The Santa Ana City Council voted 6 to 1 Tuesday to move to condemn a downtown muffler shop fighting the city's plans to build a shopping center, a decision officials said was based on reluctance to face a lawsuit by the developer of the project for breach of contract.
Only council member John Acosta voted against the action involving Ace Muffler Shop, the business owned by Miguel Pulido at 401 East 1st St.
The council on Tuesday ordered that formal legal notice be given of its plans to acquire Pulido's property by eminent domain and proceed with construction of the shopping center by Urbatec Corp., a Santa Monica developer.
City Manager Robert C. Bobb said Urbatec could sue the city for breach of contract and win a "$2- or $3-million" judgment if the muffler shop's presence forced the city to scrap plans for the center.
"The City Council anguished over this decision, and the only motivation (for condemnation) is that it would represent a major breach of contract with the developer, no matter how they (council members) felt, and a substantial financial liability," Bobb said in an interview.
"When faced with the reality of the financial liability of several million dollars, then rather than making a gift of public funds to Urbatec, the decision was made to proceed with condemnation proceedings." Bobb said a public hearing on the condemnation action will be scheduled.
Pulido, 59, who has owned Ace Muffler for the past 14 years, said when he was reached at his Yorba Linda home Tuesday night that he was "shocked" to hear of the council's action.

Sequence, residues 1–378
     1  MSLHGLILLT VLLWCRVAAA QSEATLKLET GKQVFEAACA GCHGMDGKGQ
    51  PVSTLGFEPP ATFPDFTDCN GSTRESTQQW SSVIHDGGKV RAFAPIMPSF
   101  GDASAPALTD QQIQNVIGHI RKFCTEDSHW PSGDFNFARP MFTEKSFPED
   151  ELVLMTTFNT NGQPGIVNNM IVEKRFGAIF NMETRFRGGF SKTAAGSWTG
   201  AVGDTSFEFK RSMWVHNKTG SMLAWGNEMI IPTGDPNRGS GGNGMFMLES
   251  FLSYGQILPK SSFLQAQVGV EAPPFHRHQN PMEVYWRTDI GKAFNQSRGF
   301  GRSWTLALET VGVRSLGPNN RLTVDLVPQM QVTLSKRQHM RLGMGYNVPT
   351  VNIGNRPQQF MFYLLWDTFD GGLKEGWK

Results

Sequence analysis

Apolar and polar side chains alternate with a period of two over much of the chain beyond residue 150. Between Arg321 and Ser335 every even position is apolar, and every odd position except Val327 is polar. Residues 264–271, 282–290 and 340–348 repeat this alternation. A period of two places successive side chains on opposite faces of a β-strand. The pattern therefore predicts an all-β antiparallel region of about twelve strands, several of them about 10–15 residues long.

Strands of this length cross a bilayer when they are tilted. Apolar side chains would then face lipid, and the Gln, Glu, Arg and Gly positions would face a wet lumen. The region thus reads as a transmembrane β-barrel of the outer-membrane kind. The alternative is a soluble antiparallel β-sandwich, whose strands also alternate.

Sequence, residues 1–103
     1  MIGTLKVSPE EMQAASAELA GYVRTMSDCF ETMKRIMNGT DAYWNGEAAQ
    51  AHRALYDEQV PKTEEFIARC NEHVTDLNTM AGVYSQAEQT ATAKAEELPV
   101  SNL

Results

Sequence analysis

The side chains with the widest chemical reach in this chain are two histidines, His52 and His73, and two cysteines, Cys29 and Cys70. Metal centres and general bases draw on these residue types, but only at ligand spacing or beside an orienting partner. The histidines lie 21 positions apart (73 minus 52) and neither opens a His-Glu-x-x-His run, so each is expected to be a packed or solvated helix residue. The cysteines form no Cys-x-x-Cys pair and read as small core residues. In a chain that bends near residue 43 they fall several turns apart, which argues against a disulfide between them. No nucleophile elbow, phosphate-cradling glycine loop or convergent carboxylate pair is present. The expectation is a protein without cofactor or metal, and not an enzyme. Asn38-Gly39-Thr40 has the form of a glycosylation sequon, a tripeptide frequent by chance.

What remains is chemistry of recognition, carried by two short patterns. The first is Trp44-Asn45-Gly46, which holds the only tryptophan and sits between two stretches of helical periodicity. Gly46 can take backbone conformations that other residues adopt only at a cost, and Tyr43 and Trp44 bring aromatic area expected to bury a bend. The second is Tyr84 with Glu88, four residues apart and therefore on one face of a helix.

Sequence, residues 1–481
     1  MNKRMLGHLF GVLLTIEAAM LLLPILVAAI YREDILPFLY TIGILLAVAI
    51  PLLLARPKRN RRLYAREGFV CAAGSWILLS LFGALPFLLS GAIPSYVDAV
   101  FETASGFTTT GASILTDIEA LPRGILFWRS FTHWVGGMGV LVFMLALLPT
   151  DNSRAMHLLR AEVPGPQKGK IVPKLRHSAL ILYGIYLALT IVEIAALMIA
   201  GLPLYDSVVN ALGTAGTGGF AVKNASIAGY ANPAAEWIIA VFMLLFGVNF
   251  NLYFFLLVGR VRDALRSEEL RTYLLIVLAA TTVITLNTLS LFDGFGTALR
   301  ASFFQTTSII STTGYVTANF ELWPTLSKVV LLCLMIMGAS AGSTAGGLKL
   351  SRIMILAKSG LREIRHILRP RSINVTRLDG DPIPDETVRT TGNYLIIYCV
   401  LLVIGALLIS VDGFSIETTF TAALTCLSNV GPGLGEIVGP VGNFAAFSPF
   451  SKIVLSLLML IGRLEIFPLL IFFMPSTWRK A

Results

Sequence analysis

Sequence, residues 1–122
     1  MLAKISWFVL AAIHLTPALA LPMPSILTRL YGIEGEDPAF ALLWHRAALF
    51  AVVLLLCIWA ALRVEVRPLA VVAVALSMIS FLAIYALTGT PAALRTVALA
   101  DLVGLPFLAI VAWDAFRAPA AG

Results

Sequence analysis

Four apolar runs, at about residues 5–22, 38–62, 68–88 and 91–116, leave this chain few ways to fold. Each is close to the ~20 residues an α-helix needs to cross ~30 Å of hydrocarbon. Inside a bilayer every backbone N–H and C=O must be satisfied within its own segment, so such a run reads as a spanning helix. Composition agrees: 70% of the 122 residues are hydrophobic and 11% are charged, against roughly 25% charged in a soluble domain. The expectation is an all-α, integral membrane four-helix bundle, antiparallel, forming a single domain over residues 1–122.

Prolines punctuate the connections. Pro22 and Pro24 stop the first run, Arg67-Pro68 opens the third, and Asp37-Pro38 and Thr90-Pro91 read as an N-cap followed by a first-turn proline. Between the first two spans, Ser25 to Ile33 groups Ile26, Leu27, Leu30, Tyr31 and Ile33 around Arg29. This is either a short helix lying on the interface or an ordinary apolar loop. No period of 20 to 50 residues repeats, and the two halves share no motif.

Owner Vows Fight
"I don't believe it. Bobb told the Amigos Club (a businessmen's association) in public that I was going to stay," Pulido said.
The shop owner said he planned to fight the council action and would immediately contact his attorney, Charles McClung Jr., to discuss his next move.
"I really don't know what's going on," Pulido said. "The thing I don't understand is why they did this so suddenly after they told everybody I was going to stay."
McClung said the council decision took him "completely by surprise. We received no warning."
The attorney said Pulido had received assurances from city officials that condemnation would not be initiated against his business.
"It seems strange to me," McClung said. "Everyone--Mr. Bobb, the mayor and several council members--told us they weren't going to do this. But if that's what they want us to do, then we will be happy to respond."
Pulido, who worked at the shop for 10 years before gaining ownership, has been embroiled with the city in the controversy for several years. In 1981, he rebuilt his shop to accommodate a city street-widening project.